The anti-α4β7 integrin antibody vedolizumab is successfully used for the clinical treatment of IBD. However, some details of its mechanisms are still not clear. Moreover, whether dose intensification of vedolizumab therapy may also increase response rates is the subject of ongoing debate, as some previous studies have suggested a non-linear exposure–efficacy correlation. Since only a portion of patients benefit from vedolizumab therapy, further translational insights into these aspects are an important unmet need for therapy optimisation and the development of personalised treatment approaches.

Based on preliminary data we hypothesise that vedolizumab has a differential preference of binding to distinct leukocyte subsets (e.g. effector and regulatory T cells), resulting in specific profiles of targeted immune cells at a certain level of vedolizumab exposure. This may explain the suggested non-linear exposure–efficacy correlation.  Therefore, we aim to elucidate dose-dependent binding characteristics to leukocyte subsets and related functional aspects in vitro and in vivo.

Posted in ECCO News, Committee News, SciCom, Fellowships & Grants Synopsis Reports, Volume 15, Issue 4

15December2020

How should IBD clinical research evolve in the COVID era?

Laurent Beaugerie, ClinCom Member


Laurent Beaugerie
© ECCO

 An interview with Gionata Fiorino

During this period when we are so tormented by the SARS-CoV-2 pandemic, Gionata Fiorino, from Humanitas Research Hospital in Milan, agreed to give us his views on the challenges of adapting IBD clinical research.

Posted in ECCO News, Committee News, ClinCom, Volume 15, Issue 4

15December2020

The exposome and personalised medicine in IBD

Behrooz Z. Alizadeh, EpiCom Member

Berhooz Z. Alizadeh 
© ECCO

Introduction

In the past few decades, the incidence of Inflammatory Bowel Diseases (IBD) started rising especially in industrialised Western countries, affecting more than two million Americans and Europeans [1–3]. At the turn of the twenty-first century, however, IBD became a global disease, rapidly affecting the Eastern and Southern developing nations [3–5]. So, the global prevalence of IBD is currently estimated at 0.7% and is expected to increase to 1% by 2030 [1, 3, 6].The rise in IBD has coincided with an increase in urbanisation, sanitisation, and adoption of a Western lifestyle [4], as well as advances in infrastructure, better access to healthcare, and increased awareness of community following socioeconomic development. It is therefore assumed that the primary suspect underlying the globalisation of IBD is the alteration of the human environment, called the exposome (meaning exposures to environmental and lifestyle factors throughout life, starting at conception), and the associated embracing of Western lifestyles by other nations [6].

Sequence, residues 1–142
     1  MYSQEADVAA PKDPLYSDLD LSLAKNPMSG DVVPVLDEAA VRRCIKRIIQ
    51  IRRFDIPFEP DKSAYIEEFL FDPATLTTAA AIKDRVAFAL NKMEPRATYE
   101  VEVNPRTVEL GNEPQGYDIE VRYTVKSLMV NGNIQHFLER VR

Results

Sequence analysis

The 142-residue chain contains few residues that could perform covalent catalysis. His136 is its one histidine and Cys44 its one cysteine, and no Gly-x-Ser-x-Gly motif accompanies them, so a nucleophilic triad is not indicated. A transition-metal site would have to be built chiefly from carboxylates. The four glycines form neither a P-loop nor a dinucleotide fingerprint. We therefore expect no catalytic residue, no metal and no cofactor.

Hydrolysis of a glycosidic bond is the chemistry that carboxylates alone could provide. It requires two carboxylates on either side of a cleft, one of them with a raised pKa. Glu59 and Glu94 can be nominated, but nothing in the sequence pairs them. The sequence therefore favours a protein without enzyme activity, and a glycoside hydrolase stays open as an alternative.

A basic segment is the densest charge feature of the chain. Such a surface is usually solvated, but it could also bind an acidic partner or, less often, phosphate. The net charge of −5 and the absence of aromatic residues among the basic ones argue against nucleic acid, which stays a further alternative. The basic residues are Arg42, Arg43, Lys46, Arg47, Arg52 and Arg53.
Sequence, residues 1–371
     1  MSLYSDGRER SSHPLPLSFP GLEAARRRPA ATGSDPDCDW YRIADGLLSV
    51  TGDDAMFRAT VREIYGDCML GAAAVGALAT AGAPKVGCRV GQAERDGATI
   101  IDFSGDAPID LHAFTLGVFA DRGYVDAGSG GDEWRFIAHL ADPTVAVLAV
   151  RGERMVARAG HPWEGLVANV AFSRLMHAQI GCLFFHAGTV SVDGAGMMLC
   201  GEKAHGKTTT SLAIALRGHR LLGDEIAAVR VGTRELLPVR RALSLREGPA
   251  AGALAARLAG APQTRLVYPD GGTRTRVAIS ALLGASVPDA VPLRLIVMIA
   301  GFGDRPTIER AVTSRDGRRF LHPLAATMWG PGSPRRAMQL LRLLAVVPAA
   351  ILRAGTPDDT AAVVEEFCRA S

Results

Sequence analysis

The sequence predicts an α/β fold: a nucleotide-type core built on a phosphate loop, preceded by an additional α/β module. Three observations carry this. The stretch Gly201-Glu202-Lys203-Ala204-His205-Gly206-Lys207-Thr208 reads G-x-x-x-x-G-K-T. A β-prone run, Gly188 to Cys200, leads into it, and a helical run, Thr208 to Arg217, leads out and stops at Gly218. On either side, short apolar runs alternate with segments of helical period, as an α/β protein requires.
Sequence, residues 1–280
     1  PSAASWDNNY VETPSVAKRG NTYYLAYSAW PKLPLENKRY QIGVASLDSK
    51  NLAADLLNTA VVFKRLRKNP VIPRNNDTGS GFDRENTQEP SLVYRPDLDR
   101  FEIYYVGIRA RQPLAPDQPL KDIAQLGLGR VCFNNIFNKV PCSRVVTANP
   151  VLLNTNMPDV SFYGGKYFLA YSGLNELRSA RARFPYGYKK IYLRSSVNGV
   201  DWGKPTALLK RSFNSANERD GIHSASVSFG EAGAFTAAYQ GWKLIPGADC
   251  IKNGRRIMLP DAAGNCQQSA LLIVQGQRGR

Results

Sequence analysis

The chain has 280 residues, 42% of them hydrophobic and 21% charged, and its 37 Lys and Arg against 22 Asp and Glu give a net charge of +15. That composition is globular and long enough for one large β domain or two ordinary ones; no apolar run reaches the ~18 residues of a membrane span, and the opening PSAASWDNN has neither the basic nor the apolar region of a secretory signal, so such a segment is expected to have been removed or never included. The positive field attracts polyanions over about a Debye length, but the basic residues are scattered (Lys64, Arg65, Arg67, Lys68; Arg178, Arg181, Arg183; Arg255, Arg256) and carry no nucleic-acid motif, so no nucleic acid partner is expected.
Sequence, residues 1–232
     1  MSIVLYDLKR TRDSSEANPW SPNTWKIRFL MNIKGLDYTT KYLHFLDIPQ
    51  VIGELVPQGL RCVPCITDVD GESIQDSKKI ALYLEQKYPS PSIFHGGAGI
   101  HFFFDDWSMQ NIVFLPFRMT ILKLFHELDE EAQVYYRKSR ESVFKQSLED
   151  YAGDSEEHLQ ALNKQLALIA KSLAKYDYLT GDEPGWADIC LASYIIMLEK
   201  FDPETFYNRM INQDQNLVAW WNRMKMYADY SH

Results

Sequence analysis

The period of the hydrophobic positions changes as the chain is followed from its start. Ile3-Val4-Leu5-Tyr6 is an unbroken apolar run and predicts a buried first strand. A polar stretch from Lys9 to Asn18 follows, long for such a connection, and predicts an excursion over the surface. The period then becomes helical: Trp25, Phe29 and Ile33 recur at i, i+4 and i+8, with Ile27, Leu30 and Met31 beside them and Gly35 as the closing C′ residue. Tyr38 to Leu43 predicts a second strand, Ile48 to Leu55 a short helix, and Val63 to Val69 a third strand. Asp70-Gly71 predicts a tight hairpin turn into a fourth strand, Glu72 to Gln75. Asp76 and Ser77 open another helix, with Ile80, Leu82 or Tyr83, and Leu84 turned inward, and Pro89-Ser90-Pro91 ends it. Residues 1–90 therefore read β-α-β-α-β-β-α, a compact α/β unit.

Posted in ECCO News, Committee News, EpiCom, Volume 15, Issue 4

15December2020

GRADE Workshop at ECCO'21

Tim Raine, GuiCom Member

Tim Raine 
© ECCO

Previous participants in GuiCom workshops at recent ECCO Congresses will have learned much about the adoption of GRADE methodology into the ECCO Guideline process and the practicalities of working with the GRADE process. For ECCO 2021, GuiCom wanted to offer participants something a little different. The GuiCom 2021 Workshop will therefore seek to place the GRADE process within the current controversies and ‘hot topics’ with respect to guidelines.

Posted in ECCO News, Committee News, GuiCom, Volume 15, Issue 4

15December2020

N-ECCO Opportunities at the 16th Congress of ECCO

Ana Ibarra, N-ECCO Member


Ana Ibarra 

© ECCO

Once again, N-ECCO is offering an outstanding range of clinical and educational opportunities for nurses attending the ECCO’21 Copenhagen Congress.

The programmes for each activity continue to be developed on the basis of the evaluation forms from the previous year in order to meet your needs. Thank you so much for providing your feedback, which helps us to improve all the N-ECCO Activities.

Posted in ECCO News, Committee News, ECCO'21, N-ECCO, Volume 15, Issue 4

15December2020

Nutritional Management of Iron Deficiency

Catherine Wall, D-ECCO Member

Catherine Wall
© ECCO

Iron deficiency and iron-deficiency anaemia (IDA) are characterised by fatigue and reduced capacity for normal activities of daily living and consequently poorer quality of life. Iron deficiency is estimated to affect 60%–80% of people with IBD at some point [1]. Recurrent iron deficiency is also common and is estimated to occur in 30% of patients [1]. Given the prevalence of iron deficiency, some patients and practitioners have learned to accept this impaired quality of life as an unavoidable consequence of IBD [2]. However, correction of iron deficiency in patients without anaemia can result in improved quality of life and less fatigue and should, therefore, be an important treatment goal.

Posted in ECCO News, Committee News, Volume 15, Issue 4, D-ECCO